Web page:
The guide said that if the canal was frozen in the winter, they could ice-skate all the way from here to Holland. How convenient.

The flea market along the canal is another highlight. I love markets. Fish or wood, fruit or antique silverware, they all appeal to me. There were plenty of beautiful objects in this market.

I continued strolling in the town. Some beer bar put Plato's words on the wall:
"He was a wise man who invented beer."
(In case you wonder, those words were ALWAYS wrongly attributed to Plato.)
I passed by De Garre but committed the mistake of not entering it to drink me away.

I seemed to have waffles with cream and strawberries for lunch that day. I hadn't remembered having waffles that good. Or chocolate. Myriad of chocolatiers with all kinds or shapes: chocolate skulls and witches (clearcly for the upcoming Halloween), chocolate hammers, and at some point, chocolate boobs (looked so delicious!).

Bruges is famous for its lace making. The Lace Museum located in a quiet quarter, with many nice doors around. There was a show of lace making in the museum at 14h. If you are there, look for the oldest lady: she has a lightning-fast speed of lacing. The other younger ladies, not so much. It was an interesting watch nonetheless.

I wanted to dine at Pomperlut as it got rave reviews, but the restaurant had been completed since 2 weeks. So I chose another one, and ordered "Flemish beef stew". While I was eating, the chef came out of the kitchen to hear compliments from customers. I gave him some formal words, but I could have made a better stew.

After my dinner, the landscape had become so much calmer. Ancient buildings made dreamy reflections on the water in the dim evening light.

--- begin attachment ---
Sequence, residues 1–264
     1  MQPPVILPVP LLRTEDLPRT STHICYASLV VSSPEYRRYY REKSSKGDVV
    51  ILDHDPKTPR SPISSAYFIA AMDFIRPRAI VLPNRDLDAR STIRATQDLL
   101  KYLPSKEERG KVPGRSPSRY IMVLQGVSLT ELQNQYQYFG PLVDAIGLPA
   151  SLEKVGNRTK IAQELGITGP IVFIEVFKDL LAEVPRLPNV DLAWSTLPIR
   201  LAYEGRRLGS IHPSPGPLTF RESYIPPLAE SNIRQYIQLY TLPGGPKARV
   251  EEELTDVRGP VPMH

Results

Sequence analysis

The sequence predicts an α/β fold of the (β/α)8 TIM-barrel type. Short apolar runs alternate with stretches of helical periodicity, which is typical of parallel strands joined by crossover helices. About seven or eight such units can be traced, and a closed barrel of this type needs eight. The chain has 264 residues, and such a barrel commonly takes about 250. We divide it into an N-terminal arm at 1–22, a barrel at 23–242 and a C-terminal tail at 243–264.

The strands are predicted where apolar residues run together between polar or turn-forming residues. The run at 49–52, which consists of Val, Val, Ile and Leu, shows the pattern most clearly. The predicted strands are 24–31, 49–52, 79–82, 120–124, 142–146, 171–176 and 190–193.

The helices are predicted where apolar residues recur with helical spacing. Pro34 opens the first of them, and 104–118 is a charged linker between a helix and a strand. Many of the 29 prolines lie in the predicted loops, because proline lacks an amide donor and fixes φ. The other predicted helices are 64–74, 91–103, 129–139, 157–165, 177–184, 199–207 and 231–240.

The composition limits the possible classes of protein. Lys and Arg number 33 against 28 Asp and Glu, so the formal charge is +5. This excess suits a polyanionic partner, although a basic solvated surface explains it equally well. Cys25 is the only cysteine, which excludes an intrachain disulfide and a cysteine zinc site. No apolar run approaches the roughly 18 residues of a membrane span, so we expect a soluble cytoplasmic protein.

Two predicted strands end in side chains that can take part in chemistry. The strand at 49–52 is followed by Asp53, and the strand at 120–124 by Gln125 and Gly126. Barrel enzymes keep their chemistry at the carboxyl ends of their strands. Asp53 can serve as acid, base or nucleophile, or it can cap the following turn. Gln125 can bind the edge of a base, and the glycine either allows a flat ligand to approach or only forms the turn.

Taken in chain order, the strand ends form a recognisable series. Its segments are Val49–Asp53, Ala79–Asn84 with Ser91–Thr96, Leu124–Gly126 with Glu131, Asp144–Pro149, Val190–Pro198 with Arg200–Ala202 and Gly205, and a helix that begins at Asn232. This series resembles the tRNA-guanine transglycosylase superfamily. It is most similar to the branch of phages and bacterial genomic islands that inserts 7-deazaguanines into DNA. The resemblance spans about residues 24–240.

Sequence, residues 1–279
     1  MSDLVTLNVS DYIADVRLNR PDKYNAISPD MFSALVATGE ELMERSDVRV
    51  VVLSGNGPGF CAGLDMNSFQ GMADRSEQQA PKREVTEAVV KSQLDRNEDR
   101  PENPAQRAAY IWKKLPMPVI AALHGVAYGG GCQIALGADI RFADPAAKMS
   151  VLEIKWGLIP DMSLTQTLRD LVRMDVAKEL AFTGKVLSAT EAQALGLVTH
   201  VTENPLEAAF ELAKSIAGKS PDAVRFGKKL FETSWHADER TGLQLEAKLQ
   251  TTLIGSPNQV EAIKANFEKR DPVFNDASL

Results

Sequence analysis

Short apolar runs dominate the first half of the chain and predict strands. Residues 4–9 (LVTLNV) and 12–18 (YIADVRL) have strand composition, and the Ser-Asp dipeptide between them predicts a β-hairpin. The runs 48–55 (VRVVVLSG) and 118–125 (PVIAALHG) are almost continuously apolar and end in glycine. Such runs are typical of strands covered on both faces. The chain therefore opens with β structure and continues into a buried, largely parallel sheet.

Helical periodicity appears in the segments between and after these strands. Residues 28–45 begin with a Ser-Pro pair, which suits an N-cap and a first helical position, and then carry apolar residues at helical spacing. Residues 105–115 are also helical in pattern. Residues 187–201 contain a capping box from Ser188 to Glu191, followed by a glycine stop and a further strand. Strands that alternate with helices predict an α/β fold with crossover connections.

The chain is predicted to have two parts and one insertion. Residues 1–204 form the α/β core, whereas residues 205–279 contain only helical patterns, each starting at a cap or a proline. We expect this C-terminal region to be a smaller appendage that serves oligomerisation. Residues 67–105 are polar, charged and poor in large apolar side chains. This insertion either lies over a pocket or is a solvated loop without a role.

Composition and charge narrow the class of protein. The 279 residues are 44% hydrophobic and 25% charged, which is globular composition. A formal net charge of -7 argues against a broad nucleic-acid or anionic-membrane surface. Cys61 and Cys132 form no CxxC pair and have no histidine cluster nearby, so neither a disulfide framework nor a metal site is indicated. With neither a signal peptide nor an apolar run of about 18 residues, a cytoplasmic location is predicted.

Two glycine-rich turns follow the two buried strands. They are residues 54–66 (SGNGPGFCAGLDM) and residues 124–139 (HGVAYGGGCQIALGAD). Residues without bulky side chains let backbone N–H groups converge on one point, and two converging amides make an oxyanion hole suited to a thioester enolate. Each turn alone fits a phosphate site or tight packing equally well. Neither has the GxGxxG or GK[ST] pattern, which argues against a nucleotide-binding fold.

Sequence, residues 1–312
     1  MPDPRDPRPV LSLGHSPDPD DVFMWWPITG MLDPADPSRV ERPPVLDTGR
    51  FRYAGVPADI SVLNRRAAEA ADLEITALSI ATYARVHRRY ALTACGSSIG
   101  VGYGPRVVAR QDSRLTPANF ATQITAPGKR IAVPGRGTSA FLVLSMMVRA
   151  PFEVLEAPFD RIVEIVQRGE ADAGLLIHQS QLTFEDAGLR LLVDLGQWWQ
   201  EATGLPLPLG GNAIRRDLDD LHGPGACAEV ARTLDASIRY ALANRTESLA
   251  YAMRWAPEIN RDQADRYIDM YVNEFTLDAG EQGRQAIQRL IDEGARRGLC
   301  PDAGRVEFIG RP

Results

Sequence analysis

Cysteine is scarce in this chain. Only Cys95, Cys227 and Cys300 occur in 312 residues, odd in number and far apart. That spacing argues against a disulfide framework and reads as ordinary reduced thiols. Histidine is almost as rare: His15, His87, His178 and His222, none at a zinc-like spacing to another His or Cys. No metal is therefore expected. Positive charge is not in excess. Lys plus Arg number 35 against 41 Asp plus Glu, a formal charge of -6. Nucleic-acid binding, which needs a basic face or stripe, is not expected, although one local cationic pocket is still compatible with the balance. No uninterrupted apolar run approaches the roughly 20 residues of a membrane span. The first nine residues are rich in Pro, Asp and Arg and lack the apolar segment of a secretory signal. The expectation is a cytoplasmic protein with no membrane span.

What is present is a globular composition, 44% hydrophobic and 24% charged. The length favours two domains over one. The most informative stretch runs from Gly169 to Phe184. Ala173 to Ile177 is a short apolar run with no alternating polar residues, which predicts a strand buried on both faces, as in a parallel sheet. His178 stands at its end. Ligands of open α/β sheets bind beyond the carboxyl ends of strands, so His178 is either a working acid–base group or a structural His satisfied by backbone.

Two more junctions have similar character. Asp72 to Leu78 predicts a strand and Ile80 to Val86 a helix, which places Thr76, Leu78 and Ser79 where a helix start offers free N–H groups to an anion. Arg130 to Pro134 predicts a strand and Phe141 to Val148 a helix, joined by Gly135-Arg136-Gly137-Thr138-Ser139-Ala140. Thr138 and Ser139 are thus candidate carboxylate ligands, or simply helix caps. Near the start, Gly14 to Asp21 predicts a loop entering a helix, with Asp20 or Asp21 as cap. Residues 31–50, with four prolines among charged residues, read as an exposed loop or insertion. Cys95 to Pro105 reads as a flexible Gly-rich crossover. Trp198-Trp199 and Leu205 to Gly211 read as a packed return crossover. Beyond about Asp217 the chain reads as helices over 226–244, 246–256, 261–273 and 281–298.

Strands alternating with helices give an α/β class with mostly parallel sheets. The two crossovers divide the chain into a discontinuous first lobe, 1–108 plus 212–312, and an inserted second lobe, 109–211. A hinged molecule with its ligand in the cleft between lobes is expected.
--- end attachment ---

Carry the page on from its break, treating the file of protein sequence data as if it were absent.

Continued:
Next morning, I went out before 7am, ready to catch some sunrise over the spikes. The alley behind my hotel was still dark. A chilly brume hung over sleepy bricks. The moon was still lingering on the citadel. Nothing to disturb the water mirror except some man who was arranging the first stand for the flea market. A lonely barge waiting for the day. It was a magical scene. I felt under Bruges' spell at that moment.

Please refer to my blog's photos, my words seem too loud for it:
https://moveablefeastofamess.wordpre...and-the-brume/

The sun didn't rise, but I was already late for the train to Brussels and Waterloo.

Til my next post.
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Old Mar 15th, 2016, 05:55 PM
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This report is bringing back very happy memories of a trip to Bruges a good few years ago. I really enjoyed your photographs, especially those taken on the very early morning walk. Marvellous. Thanks FuryFluffy.
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Old Mar 16th, 2016, 11:15 AM
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Thank you for your kind words, jon_rwr.

==============

I would like to ask people here, is the Flemish beef stew real good? Or was it the wrongdoing of the chef where I dined?
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Old Mar 16th, 2016, 11:49 AM
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Stoofvlees is excellent.
You find these in Wallonia under the name carbonades flamandes too.
They are really good - sorry your chef managed to screw that
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Old Mar 20th, 2016, 12:09 PM
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Thank you Whathello. I'll come back there some day if to try that dish only.

===

Day 2: Waterloo